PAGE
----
A nonsecosteroidal vitamin D receptor ligand with improved therapeutic window of bone efficacy over hypercalcemia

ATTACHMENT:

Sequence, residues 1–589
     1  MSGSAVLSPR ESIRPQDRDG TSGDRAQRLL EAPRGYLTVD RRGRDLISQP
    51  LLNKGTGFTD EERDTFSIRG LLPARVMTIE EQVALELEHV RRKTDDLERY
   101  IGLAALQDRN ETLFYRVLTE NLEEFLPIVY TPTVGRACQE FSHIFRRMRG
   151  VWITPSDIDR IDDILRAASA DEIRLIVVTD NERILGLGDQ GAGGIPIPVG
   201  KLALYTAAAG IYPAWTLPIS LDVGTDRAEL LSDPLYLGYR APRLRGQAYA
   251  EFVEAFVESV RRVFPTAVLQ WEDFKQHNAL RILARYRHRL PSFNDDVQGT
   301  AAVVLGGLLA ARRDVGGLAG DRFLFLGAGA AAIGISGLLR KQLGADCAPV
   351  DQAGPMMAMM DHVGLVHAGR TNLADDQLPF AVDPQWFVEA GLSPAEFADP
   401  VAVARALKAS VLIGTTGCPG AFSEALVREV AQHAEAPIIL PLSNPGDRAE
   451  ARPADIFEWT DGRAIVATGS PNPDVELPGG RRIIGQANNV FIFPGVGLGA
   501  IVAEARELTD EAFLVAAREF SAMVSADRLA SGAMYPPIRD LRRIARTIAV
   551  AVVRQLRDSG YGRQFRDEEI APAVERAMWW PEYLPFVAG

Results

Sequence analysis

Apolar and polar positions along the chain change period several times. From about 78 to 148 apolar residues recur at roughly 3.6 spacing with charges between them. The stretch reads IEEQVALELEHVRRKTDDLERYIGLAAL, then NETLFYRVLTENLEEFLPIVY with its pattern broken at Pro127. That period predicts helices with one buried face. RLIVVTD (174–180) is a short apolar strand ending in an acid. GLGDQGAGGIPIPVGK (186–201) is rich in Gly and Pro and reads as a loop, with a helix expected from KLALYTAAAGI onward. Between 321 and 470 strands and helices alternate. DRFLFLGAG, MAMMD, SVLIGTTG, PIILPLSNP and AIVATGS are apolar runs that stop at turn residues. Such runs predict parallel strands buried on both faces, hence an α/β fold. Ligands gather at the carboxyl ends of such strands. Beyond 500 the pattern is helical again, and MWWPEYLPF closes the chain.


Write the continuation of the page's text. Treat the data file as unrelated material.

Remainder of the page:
Vitamin D3 analogues were shown to be beneficial for osteoporosis and other indications, but their narrow therapeutic window between efficacy and hypercalcemia has limited their clinical utility. A nonsecosteroidal, tissue-selective, orally bioavailable, vitamin D receptor (VDR) ligand was ascertained to be efficacious in bone while having modest calcemic effects in vivo. This compound (VDRM2) potently induced Retinoid X Receptor alpha (RXR)-VDR heterodimerization (EC50 = 7.1 ± 1.6 nM) and induced osteocalcin promoter activity (EC50 = 1.9 ± 1.6 nM). VDRM2 was less potent in inducing Ca2+ channel transient receptor potential cation channel, subfamily V, member 6 (TRPV6) expression (EC50 = 37 ± 12 nM). VDRM2 then was evaluated in osteopenic ovariectomized (OVX) rats and shown to dose-dependently restore vertebral bone mineral density (BMD) from OVX to sham levels at 0.08 µg/kg per day. Hypercalcemia was observed at a dose of 4.6 µg/kg per day of VDRM2, suggesting a safety margin of 57 [90% confidence interval (CI) 35–91]. 1α,25-dihydroxyvitamin D3 [1α,25(OH)2D], ED71, and alfacalcidol restored BMD at 0.030, 0.0055, and 0.046 µg/kg per day, respectively, whereas hypercalcemia was observed at 0.22, 0.027, and 0.23 µg/kg per day, indicating a safety margin of 7.3, 4.9, and 5.0, respectively (90% CIs 4.1–13, 3.2–7.7, and 3.5–6.7, respectively). Histomorphometry showed that VDRM2 increased cortical bone area and stimulated the periosteal bone-formation rate relative to OVX at doses below the hypercalcemic dose. By contrast, ED71 increased the periosteal bone-formation rate only above the hypercalcemic dose. VDRM2 suppressed eroded surface on trabecular bone surfaces at normal serum calcium dosage levels, suggesting dual anabolic and antiresorptive activity. In summary, vitamin D analogues were more potent than VDRM2, but VDRM2 had a greater safety margin, suggesting possible therapeutic potential. © 2010 American Society for Bone and Mineral Research